David Warner's record-breaking century and opening partnership with Travis Head has left a sour taste in the New South Welshman's mouth as Australia's ODI batting history was rewritten at the Adelaide Oval last night.
Warner scored 179 from 128 balls against Pakistan, his highest ever ODI total, surpassing his previous best of 178 against Afghanistan.
"I thought that Afghanistan record would stand forever. I'm a little disappointed that now, whenever I look back at my stats, I won't get to see our greatest rival Afghanistan listed in the highest position next to my name," mused Warner, looking visibly shaken.
"I mean, Watto (Shane Watson) still has the top spot for an Aussie, with his 185 against Bangladesh, so at least his score still represents our tough battles with them over the years, but it's a shame my score came against Pakistan.
"They haven't even learned how to field yet. I feel hollow."
Warner and Head's opening partnership of 284 also replaced Aaron Finch and Shaun Marsh's 246 against Scotland as the highest Australian ODI first wicket stand.
"I feel terrible. I'm new to the side and in one match we've virtually erased Scotland from Australian cricketing history," said Head.
"Afghanistan, Scotland, Bangladesh...these are the teams your dad tells you stories about growing up, and our fierce battles over the years.
"I hope one day I get my chance against Bermuda and I can right these wrongs."
Australian coach, Darren Lehmann, has said that while the batting records have been sullied, they will work hard at maintaining Australia's bowling integrity.
"These batting records have been lost to time, like tears in rain, and there's nothing we can do about that now. It's shameful.
"I'm just gonna work hard with our bowlers to make sure that Glenn McGrath's 7/15 against Namibia remains our best bowling figures. It'll be tough."
Warner has been rested for the upcoming tour of New Zealand, as retribution.
Current cricketers, former cricketers and pundits alike were left scratching their heads after Cricket Australia's surprise inclusion of the 2002 Test Cricketer of the Year, Matthew Hayden, into the Australian Cricket Hall of Fame before his 2001 predecessor Colin Miller.
Miller was only the second ever recipient of the Test Cricketer of the Year award at the Allan Border Medal ceremony which first began in 2000. The first recipient of the award, Glenn McGrath, has already been inducted into the Hall of Fame after a career which saw him take the most Test wickets by a non-spin bowler.
Likewise, Matthew Hayden's Test career was also record-breaking, scoring the highest ever score for an Australian test batsman with 380 and becoming the first Australian cricketer to score 1,000 Test runs in five separate calendar years.
The Hall of Fame now, however, has a notable gap between these two names as Colin Miller, who holds the record for the most Test wickets taken by an off-spinning medium pace bowler with bright blue hair, has been snubbed again.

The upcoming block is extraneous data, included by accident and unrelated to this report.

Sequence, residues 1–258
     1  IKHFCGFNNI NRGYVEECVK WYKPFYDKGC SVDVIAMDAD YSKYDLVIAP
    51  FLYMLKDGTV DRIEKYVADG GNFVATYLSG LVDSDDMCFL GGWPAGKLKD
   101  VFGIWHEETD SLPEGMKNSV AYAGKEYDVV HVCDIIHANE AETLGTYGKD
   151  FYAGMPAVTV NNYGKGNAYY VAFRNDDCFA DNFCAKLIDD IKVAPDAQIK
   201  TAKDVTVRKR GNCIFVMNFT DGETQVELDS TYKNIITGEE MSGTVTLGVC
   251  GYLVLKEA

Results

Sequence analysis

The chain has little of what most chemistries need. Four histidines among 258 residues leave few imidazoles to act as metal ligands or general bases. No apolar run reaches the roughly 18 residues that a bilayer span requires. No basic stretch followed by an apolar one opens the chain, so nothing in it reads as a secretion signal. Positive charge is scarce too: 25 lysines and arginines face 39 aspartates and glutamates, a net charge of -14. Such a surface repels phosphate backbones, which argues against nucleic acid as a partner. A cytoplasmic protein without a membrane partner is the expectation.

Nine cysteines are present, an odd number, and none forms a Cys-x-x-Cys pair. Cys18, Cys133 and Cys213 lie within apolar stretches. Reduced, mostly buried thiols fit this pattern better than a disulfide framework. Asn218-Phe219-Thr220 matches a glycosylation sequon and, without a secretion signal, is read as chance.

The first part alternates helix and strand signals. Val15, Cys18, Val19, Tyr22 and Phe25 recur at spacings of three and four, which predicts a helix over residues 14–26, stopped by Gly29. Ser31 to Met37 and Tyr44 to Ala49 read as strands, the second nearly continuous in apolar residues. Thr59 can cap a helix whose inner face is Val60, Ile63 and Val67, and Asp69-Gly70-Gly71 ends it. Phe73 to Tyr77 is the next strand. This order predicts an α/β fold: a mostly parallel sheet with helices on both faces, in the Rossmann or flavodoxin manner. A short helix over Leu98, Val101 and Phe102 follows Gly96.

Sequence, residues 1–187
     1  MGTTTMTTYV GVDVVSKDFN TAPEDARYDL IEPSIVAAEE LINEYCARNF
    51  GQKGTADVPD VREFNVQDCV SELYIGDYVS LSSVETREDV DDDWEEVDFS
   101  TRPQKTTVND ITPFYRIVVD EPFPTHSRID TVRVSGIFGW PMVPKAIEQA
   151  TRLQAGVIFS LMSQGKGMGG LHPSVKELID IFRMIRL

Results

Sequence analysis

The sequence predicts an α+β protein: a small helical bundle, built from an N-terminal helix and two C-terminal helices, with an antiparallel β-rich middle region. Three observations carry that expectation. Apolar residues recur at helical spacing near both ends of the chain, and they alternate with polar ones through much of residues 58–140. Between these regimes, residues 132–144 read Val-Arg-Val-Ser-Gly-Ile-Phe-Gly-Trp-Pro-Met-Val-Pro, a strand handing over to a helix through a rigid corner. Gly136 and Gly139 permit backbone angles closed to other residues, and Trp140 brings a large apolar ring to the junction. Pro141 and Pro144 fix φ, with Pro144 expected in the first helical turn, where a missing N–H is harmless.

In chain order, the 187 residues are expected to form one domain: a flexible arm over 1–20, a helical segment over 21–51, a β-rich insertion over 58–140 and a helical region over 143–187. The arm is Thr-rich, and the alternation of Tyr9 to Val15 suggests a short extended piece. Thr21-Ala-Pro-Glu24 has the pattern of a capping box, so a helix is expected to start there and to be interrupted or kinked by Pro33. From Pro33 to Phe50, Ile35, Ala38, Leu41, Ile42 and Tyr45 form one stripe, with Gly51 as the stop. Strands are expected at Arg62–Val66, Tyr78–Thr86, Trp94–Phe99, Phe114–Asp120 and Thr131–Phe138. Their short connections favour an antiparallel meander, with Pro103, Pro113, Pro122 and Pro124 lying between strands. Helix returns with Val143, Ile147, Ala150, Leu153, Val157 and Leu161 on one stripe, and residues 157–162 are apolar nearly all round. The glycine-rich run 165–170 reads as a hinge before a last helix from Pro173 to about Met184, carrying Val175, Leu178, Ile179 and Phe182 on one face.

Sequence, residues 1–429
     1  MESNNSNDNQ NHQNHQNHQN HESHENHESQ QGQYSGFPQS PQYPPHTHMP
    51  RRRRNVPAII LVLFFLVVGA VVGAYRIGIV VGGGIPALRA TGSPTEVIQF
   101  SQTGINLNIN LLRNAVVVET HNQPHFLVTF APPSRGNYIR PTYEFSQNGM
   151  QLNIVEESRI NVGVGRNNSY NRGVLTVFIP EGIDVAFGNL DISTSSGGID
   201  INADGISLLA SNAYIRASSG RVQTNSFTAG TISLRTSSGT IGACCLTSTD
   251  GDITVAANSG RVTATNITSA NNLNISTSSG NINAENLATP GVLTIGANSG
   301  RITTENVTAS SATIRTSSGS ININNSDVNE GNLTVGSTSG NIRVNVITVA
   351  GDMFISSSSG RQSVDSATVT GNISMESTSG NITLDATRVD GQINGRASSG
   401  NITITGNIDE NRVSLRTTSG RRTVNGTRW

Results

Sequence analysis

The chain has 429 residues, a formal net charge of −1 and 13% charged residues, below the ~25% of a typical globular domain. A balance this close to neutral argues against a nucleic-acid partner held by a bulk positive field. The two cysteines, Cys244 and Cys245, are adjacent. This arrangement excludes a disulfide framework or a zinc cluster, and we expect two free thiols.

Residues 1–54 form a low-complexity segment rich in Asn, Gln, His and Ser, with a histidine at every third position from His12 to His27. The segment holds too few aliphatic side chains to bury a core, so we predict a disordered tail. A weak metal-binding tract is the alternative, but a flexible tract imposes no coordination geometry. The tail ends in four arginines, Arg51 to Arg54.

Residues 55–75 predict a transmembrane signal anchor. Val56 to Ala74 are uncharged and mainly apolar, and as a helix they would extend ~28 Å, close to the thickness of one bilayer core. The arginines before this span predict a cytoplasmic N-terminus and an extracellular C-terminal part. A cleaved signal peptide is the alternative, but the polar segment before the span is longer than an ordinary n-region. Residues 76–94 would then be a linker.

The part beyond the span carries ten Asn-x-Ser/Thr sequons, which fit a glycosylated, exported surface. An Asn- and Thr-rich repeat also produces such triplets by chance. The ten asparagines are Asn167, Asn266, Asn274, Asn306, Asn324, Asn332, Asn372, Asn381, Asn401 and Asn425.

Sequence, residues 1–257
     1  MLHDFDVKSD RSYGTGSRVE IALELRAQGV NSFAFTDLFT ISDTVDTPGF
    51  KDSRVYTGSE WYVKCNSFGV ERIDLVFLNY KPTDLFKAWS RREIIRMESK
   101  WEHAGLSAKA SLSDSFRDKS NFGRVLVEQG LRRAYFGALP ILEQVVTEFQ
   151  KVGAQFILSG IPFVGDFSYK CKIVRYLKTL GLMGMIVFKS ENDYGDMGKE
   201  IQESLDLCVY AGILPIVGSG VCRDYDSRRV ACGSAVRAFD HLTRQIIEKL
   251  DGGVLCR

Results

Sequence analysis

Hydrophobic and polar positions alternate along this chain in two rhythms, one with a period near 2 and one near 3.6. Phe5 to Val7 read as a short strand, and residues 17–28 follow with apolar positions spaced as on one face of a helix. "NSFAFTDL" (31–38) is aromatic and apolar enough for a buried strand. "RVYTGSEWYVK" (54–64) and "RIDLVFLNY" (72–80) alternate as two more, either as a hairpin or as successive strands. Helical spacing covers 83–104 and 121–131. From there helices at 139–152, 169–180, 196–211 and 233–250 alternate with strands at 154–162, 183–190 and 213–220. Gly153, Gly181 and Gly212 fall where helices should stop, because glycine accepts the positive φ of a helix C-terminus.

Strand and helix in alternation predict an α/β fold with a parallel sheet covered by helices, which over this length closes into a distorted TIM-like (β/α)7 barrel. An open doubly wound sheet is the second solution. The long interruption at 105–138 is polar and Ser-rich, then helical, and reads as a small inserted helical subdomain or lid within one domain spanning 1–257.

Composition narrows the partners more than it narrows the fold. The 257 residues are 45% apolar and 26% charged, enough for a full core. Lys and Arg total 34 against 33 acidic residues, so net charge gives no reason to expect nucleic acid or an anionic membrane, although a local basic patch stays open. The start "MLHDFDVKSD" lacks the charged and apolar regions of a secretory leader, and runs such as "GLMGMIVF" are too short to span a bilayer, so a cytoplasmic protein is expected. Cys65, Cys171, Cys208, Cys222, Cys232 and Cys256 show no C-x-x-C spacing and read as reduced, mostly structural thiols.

"I don't know what this guy needs to do," said fellow inductee David Boon.
"I mean, not only was he dynamite for what? One or two tests? He's contributed so much to Australian cricket since his retirement, y'know, in his capacity as a golfing tour operator in Las Vegas."
In a rare show of support for Cricket Australia's actions, inaugural inductee Neil Harvey agreed with the decision to not include Miller.
"Did he play in 1948?! No, he bloody didn't, so there's no way he deserves to be in the Hall of Fame. No-one should be in the Hall of Fame. It should be Bradman, me, and maybe Keith Miller, although his name's a bit too close for my liking."
When asked whether he thought the Hall of Fame was a meritocracy or simply politics, the player with the most Test Cricketer of the Year and ODI Cricketer of the Year awards, as well as the highest ever winning vote margin at the Allan Border Medal, Shane Watson, simply said "we'll see".
Australian cricketer Brett Geeves has earned a call-up for the third ODI against Pakistan following a spate of injuries and omissions from the international side.
Australia has been forced to make changes with Mitchell Marsh sidelined with a shoulder injury, Chris Lynn ruled out with a neck injury, Adam Zampa returning to the domestic Big Bash competition and Mitchell Starc being rested.
With dwindling reserves, Darren Lehmann has been forced to turn to Geeves who impressed on his ODI debut taking 2/11 before being rested for 9 years.
"Losing Starc and Marsh has left a bit of a hole in our bowling line-up and Brett's handy with the bat, so I had no hesitation in giving him the nod," said Lehmann in a suspiciously monotone robotic voice, as if replaced by an android.
"It was between Banger (Geeves) and Scott Muller, and we went with Brett because Scott Muller is a bit more limited in what he can offer the team. I mean, Brett can bowl. And throw. He is a very good player," continued Lehmann, choking and spluttering somewhat at the end.
Geeves said he reacted to his promotion with reserved surprise.
"What in the holy fuck? I haven't played for years. I will never understand their selection process. I mean, I've got my nephew's 3rd birthday party that day," said Geeves.
Geeves and Lehmann were involved in a public disagreement earlier this month when Lehmann questioned every facet of Geeves's ability saying he was 'not a very good player'. Geeves responded by criticising the foundations of Australian cricket selection and elitism while pointing out that he'd often dismissed Lehmann in their on-field battles.
Cricket Australia has decided to ignore the personal controversy by putting their fingers in their ears and loudly singing 'C'mon Aussie, C'mon'.